Three thoughts on the Utah Jazz’s 128-120 win over the New Orleans Pelicans from Salt Lake Tribune Jazz beat writer Andy Larsen.
1. Jazz’s shooting early gets offensive results
Last night’s Triple Team, and the pregame sidebar, looked at the Jazz’s reluctance to shoot costing them some open shots. But tonight, the Jazz came out and really looked eager to get the ball up if they could, and they were rewarded for it.
Like, this is the second possession of the game. Mitchell comes off the screen, realizes that his nearest defender is quite a bit away from him, and pulls up and takes this shot.
I like this shot! Mitchell’s a good enough 3-point shooter that he should take the open pull-ups. And doing it early means that the defense might respect it more, which could open up other shots.
Of course, the other thing that allowed the Jazz to do this was New Orleans’ lack of transition defense. In particular, this game showed the importance of floor balance. On so many New Orleans possessions, they end up with four players below the free throw line on offense. That means that when the Jazz do get the rebound, they can get out and run and get really good shots:
Wide-open Bogdanovic three? The Jazz will take that every time. After missed Pelicans shots, the Jazz got the ball up in an average of 10.3 seconds per possession, which is pretty fast.
2. Tony Bradley had a classic Tony Bradley game... but added defense
In October, based on his summer league, G-League, and preseason performances, I put forward the Tony Bradley Theory:
(It’s more of a hypothesis than a theory, so please forgive my language imprecision.)
Regardless, Saturday was a good night for the Tony Bradley Theory. He got his first NBA start, and yep, he had 14 points (on 7-8 FG) and nine rebounds.
The reason Bradley can get those averages is pretty simple: he’s a stellar offensive rebounder, and adept at putbacks, so he can usually manufacture points for himself. And then you add in that he has good hands, and he’ll get a few points from other actions, and all of a sudden, he’ll have about 15 points.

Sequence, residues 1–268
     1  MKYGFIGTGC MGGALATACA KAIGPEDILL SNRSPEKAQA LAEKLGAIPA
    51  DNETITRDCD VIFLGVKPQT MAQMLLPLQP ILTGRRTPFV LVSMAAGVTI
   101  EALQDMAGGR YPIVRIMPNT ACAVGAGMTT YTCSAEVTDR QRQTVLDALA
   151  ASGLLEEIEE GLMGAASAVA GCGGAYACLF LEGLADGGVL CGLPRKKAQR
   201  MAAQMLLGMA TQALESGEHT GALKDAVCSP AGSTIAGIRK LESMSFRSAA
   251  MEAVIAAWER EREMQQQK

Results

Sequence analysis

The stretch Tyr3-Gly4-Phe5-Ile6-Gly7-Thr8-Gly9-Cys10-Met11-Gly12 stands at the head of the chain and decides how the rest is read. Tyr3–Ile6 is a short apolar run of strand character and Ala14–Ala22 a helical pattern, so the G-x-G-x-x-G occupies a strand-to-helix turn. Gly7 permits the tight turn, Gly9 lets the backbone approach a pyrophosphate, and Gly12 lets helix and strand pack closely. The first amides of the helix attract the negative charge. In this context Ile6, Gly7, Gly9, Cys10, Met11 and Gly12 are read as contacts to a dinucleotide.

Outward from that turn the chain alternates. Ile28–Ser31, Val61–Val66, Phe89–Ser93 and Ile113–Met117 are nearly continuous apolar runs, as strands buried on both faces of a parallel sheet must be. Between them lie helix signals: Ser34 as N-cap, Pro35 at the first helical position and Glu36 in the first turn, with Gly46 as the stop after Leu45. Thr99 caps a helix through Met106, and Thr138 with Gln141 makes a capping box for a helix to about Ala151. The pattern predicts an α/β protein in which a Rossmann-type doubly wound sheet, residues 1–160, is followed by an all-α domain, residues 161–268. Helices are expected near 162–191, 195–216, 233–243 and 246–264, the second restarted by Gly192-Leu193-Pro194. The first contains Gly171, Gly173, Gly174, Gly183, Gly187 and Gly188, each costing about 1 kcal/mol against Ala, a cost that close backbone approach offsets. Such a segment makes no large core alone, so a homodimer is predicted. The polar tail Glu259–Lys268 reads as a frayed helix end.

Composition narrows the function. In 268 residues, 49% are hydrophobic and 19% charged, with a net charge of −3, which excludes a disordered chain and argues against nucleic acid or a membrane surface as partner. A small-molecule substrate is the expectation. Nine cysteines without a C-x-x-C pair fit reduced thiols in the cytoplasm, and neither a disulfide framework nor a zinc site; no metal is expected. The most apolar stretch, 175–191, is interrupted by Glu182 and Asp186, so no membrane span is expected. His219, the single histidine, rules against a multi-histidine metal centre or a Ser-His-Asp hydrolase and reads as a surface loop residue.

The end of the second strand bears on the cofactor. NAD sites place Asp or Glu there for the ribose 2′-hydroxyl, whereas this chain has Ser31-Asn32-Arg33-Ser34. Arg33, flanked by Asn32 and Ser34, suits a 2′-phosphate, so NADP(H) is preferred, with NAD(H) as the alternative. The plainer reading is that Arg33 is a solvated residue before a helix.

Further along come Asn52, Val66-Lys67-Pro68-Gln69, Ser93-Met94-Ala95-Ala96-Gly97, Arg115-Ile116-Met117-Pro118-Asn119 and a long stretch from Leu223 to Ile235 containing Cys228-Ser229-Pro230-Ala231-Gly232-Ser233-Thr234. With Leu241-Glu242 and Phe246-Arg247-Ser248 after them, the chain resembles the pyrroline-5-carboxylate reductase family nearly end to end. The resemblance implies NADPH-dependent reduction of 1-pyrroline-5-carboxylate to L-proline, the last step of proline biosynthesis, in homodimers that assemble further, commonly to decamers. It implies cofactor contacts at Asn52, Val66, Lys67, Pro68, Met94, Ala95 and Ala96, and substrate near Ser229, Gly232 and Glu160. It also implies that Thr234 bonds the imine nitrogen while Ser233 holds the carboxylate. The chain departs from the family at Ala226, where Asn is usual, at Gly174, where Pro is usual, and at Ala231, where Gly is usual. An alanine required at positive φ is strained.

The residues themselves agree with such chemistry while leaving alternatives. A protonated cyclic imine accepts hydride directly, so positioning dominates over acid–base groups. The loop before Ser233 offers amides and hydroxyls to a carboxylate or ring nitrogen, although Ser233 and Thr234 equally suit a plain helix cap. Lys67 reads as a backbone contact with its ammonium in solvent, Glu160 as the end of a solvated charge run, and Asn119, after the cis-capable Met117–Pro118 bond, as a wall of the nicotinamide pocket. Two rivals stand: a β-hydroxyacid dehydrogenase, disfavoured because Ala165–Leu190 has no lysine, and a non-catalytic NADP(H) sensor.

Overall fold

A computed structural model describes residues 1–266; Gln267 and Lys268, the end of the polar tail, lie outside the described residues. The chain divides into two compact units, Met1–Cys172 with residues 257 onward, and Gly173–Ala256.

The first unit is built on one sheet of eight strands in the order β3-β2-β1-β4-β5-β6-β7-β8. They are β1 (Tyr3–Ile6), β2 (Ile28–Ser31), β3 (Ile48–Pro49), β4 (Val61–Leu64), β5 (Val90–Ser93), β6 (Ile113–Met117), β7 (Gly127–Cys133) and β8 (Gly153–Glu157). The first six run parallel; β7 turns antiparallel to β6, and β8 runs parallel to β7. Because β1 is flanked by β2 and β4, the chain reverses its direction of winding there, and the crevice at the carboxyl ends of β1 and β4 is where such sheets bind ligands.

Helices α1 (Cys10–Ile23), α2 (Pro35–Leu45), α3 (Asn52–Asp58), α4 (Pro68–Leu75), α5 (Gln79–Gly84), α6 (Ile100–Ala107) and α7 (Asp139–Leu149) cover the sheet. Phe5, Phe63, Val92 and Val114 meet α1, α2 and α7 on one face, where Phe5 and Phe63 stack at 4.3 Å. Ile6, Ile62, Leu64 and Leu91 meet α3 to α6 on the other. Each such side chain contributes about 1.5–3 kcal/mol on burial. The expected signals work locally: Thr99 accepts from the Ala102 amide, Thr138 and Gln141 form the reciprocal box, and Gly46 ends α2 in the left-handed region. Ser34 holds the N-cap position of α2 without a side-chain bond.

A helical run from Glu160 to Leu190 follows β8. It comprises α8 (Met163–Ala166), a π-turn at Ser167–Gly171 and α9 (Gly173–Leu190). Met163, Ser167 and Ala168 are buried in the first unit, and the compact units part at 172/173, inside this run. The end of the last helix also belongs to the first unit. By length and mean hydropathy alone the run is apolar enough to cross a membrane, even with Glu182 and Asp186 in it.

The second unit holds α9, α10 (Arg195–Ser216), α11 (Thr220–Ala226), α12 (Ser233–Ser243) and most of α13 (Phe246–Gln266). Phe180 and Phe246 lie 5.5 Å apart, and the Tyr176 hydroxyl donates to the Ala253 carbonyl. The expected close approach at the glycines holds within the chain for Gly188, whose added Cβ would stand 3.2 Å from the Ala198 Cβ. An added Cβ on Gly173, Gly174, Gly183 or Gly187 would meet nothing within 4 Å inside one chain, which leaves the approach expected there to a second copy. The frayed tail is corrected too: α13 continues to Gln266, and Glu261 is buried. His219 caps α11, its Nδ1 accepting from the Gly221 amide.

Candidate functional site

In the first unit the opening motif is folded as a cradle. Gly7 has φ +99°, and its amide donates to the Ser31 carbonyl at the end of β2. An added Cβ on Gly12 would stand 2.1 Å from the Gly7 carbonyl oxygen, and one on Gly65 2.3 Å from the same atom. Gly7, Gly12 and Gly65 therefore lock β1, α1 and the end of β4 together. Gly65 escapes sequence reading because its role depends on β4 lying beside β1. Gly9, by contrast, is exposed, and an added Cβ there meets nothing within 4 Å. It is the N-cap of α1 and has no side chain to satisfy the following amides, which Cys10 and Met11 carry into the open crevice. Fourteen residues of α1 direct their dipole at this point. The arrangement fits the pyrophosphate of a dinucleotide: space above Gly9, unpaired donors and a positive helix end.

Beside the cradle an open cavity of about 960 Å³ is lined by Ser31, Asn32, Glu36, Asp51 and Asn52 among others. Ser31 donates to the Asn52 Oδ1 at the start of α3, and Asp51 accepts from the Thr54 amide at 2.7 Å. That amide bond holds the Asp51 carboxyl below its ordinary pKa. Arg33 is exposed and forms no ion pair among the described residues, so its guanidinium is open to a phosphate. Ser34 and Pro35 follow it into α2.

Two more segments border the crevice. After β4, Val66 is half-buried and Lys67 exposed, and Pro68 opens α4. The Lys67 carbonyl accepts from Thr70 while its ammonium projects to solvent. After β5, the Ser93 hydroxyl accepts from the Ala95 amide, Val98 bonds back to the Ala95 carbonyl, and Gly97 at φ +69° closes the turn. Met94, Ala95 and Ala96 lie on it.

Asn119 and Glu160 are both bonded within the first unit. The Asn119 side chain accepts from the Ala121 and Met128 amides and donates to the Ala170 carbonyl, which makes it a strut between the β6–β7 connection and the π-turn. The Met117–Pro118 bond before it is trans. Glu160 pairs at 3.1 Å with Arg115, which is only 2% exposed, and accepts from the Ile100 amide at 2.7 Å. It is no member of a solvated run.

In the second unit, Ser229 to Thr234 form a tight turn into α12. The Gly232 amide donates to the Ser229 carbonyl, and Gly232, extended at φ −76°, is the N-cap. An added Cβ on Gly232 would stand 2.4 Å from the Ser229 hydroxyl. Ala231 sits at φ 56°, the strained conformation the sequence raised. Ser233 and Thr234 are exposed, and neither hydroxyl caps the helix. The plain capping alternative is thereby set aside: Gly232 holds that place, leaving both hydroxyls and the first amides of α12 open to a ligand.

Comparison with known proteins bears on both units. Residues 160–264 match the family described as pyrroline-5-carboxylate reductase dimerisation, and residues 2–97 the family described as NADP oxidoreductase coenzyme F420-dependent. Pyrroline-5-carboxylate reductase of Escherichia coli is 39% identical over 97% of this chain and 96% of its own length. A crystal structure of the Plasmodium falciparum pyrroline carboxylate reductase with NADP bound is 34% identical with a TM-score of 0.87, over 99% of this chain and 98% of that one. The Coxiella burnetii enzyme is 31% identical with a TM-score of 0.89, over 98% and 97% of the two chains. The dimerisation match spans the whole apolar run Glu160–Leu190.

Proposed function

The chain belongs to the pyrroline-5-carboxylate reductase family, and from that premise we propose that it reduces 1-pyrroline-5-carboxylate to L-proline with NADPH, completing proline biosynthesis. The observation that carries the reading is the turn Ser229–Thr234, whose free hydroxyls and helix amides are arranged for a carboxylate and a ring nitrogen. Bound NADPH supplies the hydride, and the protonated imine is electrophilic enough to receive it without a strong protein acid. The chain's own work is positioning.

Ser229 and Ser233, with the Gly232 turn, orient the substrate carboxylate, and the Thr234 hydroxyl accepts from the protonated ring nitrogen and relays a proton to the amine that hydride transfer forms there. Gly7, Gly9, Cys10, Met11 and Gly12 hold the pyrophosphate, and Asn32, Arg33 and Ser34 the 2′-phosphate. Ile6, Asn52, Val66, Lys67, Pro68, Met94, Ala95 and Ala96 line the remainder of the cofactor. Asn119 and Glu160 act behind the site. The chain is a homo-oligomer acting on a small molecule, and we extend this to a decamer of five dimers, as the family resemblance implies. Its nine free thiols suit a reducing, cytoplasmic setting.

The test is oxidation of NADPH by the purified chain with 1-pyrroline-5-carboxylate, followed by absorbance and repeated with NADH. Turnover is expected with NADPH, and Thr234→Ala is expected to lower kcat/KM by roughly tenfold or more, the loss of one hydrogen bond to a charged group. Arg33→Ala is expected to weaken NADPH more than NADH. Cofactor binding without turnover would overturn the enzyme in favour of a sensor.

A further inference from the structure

But what was impressive about Bradley’s game tonight wasn’t his offense, but his defense. This is the singular issue that will make or break Bradley’s NBA future: if he can become a plus defender, he’ll stay in the league, and if he can’t, he won’t. It’s pure and simple.
On Saturday night, his defense was pure and simple. Brandon Ingram has been one of the best offensive players in the league this year, he’s averaging 25 points per game on some good percentages. He sees Bradley guarding him in transition, and licks his lips. But Bradley just backpedals, moves his hips when Ingram switches sides of the floor, and keeps his hands up when they get low in the paint. It’s really excellently done.
His one block was also excellent work. Bradley has a tough task here: contain Jrue Holiday in pick and roll and also be able to rotate over to Jaxson Hayes, a terrific athlete, if he catches the ball. But Bradley does both, and gets a punctuating block.
Honestly, those two plays are perhaps the best defense I’ve ever seen out of Bradley, who is just 21 years old. That was current-Brook/Robin Lopez-esque defense where the attacker is just put in tough situations thanks to solid defensive fundamentals. I’m really impressed.
3. Veteran plays and cuts
Veterans can be shifty. Right when you think you have them contained, you don’t.
Tonight, Bojan Bogdanovic was best at this, getting numerous backdoor plays at the rim while the Pelicans weren’t watching. Check this one out:
The defender turns his head towards the ball for just a second, and Bogey is gone, cutting towards the rim for an easy two.
This play is from a while ago, but it’s another veteran savvy thing. Mike Conley notices that Ivica Zubac of the Clippers is the last guy back. So he thinks: as soon as I know the Jazz have the ball, I’m going to sprint down the floor and see what happens. He even gets a little shove off of Mo Harkless at the jump ball to make sure he has an extra advantage.
Yep, another easy two.
To be honest, some of the Jazz’s offensive problem has been that there hasn’t been enough of this kind of improvisation at times. It’s early, so everyone is still trying to figure out how they fit into the designed stuff, rather than feeling free to take advantage of an opportunity. But the Jazz do have the personnel to take advantage of looks like these, and they should get more and more of them as the season rolls along.